Exploitation continues at garment hub
In the garment export town of Tirupur, bonded and forced labour exists on an extensive scale; girl children younger than 14 continue to work and women workers still face physical and sexual abuse, says a sneak preview of a report to be released next month by international NGOs on exploited Dalit girls in the garment industry.
After publishing a report in May 2011 ‘Captured by cotton – exploited Dalit girls produce garments in India for European and US markets', the Centre for Research on Multinational Corporations (SOMO) and the India Committee of the Netherlands (ICN) have conducted fresh field research, including interviews with nearly 200 women workers.
According to the preview released by SOMO and ICN, there have been some improvements in employment conditions at the four manufacturers. Wages have increased and so has the final amount the women workers receive at the end of contract under the ‘Sumangali' scheme, seen as an exploitative scheme tantamount to bonded labour. Majority of the workers for the scheme come from marginalised communities including lower caste and Dalit groups.
New research has shown some improvement in the food served in the canteens and in the workers' living quarters which now have fewer people per dorm. There has also been some improvement regarding the freedom of movement.
However, the preview says issues of concern remain. First, bonded and forced labour had not been abolished but was still reported on an extensive scale. Second, child labour had not been abolished despite the law and buyers' code of conduct. At the four investigated manufacturing units, girls younger than 16 were found working. And researchers found two cases of girls younger than 14 in the workforce.
Also, there have been no significant improvements in working hours. Cases of long working days of up to 24 hours have been reported. Women workers still face physical and sexual abuse and occupational, health and safety hazard continue to occur. None of the units researched had any effective and independent grievance mechanisms.
“All the women workers are forced to work,” says Sachithanandan, a researcher who has done a similar study on the life and work of about 200 women from Arunthathiyar community in Sumangali scheme in Tirupur. “They are verbally abused (82 per cent) and physically abused (19 per cent). None of them have any rest during working hours,” he says. The surveyed women were mostly former employees under the scheme as the companies restrict entry to outsiders. In fact, 98 per cent cited poverty as the main reason.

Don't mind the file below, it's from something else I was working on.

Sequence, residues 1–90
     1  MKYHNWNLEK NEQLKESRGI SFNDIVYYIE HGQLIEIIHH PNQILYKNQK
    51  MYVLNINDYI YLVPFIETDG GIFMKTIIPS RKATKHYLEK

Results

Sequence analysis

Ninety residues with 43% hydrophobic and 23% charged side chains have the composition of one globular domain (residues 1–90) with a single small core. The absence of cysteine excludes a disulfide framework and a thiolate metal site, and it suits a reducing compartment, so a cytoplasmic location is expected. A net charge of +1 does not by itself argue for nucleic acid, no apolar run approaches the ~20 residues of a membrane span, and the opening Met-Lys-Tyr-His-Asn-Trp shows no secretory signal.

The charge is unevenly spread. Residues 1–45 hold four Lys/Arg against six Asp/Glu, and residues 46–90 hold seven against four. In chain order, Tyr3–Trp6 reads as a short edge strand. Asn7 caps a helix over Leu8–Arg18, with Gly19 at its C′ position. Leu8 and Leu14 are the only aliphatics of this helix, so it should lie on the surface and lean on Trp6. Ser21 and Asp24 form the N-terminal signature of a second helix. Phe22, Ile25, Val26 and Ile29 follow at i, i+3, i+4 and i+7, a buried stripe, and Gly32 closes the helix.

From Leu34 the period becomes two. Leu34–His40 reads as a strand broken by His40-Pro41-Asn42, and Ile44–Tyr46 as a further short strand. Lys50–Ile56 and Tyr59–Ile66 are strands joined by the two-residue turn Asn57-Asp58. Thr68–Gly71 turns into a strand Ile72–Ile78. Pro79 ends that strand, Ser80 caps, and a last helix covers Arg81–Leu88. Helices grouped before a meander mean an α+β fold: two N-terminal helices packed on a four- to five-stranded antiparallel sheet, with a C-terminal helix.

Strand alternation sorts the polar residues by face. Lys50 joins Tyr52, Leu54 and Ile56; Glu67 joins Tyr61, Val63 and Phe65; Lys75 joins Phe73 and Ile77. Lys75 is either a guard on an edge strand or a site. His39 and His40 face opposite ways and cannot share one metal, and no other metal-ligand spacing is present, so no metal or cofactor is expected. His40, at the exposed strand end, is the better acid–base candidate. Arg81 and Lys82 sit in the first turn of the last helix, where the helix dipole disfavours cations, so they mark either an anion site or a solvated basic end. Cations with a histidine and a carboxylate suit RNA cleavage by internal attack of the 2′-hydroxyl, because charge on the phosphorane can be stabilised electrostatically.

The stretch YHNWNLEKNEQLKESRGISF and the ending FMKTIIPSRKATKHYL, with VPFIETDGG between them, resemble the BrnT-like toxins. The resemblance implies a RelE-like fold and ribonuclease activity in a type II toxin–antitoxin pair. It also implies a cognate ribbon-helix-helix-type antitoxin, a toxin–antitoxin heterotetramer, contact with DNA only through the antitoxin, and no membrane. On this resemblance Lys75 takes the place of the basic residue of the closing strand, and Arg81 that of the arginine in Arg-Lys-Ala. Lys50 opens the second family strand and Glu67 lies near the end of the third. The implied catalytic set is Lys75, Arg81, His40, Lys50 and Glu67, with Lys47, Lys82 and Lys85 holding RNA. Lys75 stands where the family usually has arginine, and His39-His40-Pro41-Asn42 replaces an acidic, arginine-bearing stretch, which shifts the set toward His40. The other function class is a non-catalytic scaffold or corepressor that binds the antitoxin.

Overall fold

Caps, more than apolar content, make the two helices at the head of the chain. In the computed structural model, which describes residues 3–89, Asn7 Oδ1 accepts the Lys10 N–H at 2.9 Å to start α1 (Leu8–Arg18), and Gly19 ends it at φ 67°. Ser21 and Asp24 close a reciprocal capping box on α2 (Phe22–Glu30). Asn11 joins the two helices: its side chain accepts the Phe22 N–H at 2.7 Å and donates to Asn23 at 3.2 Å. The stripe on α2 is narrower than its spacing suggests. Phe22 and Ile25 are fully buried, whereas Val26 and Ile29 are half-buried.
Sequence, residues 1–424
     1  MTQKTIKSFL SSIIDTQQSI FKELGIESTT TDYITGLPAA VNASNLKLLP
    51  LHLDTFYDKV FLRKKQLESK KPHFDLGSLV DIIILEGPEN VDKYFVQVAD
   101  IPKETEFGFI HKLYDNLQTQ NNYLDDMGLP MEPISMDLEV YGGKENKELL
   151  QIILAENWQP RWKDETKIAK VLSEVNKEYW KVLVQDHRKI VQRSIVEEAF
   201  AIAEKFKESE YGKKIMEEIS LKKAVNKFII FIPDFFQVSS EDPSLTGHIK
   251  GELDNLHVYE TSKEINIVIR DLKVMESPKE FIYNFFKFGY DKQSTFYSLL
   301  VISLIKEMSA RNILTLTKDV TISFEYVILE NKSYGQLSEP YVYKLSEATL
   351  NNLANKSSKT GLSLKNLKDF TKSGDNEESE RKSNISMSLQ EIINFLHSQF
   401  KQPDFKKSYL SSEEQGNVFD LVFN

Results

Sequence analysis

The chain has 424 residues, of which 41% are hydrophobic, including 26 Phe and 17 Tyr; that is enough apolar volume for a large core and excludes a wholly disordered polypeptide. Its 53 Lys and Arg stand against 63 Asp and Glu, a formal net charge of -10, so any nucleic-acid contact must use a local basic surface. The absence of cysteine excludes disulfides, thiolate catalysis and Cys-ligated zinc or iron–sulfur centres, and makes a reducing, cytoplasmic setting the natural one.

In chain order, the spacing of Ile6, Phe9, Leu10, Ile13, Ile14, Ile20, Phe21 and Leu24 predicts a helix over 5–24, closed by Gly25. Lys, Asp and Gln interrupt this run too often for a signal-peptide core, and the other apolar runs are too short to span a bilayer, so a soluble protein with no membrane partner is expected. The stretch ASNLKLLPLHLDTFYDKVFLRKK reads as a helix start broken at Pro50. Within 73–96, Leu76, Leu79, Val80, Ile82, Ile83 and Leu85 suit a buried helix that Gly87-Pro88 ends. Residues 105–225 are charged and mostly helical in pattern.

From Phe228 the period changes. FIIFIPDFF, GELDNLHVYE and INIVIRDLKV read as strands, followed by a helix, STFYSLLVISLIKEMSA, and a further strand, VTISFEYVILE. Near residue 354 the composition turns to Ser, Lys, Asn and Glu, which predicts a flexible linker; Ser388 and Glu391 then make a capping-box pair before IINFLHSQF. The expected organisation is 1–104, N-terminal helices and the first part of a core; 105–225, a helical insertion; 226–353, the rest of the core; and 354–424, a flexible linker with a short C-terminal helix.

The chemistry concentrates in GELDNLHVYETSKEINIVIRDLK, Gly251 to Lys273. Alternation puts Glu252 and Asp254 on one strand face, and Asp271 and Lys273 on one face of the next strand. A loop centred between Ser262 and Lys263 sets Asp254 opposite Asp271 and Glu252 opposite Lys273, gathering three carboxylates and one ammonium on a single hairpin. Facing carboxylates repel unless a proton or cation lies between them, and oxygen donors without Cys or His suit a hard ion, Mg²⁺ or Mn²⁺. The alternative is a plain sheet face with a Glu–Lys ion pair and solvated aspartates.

“The law requires 16 registers to be maintained. Most of the mills do not maintain register,” says A. Devaneyan, director, Thozhamai, an NGO. He was part of the team that inspected 14 mills in Tirupur during the previous government. “There is no complaint cell for women workers. They are treated like bonded labourers. Some mills have improved working and living conditions but the women, including girl children, live and work in pitiable conditions.”
Enforcement of labour laws and asking garment brands and retailers to commit to proper due diligence to manage their entire supply chain were recommended. This should include mapping suppliers beyond first or second tier levels, identifying risks, and detecting human rights violations along the supply chain.
According to an official of the Inspectorate of Factories, cases of textile units adopting the Sumangali scheme have reduced drastically and it is no more a rampant problem. “Some garment units do have hostel facilities for the workers but they do not have the Sumangali scheme,” the official said.
A. Sakthivel, president of Tirupur Exporters' Association, denied any case of forced labour in the garment exporting units in Tirupur. "The buyers' norms are strict and exporting units comply with these," he said.
A. Aloysius, founder of Social Awareness and Voluntary Education, a non-Governmental organisation in Tirupur, said there may be non-compliance problems in some textile mills located around Tirupur. The garment units did not have forced labour or the Sumangali scheme.
A Southern India Mills' Association official said the textile industry in Tamil Nadu employed nearly 50 lakh people. Almost all the units followed the norms, and if there was non-compliance in a few units, “we have always said that action should be taken against these units.”
(With inputs from M. Soundariya Preetha)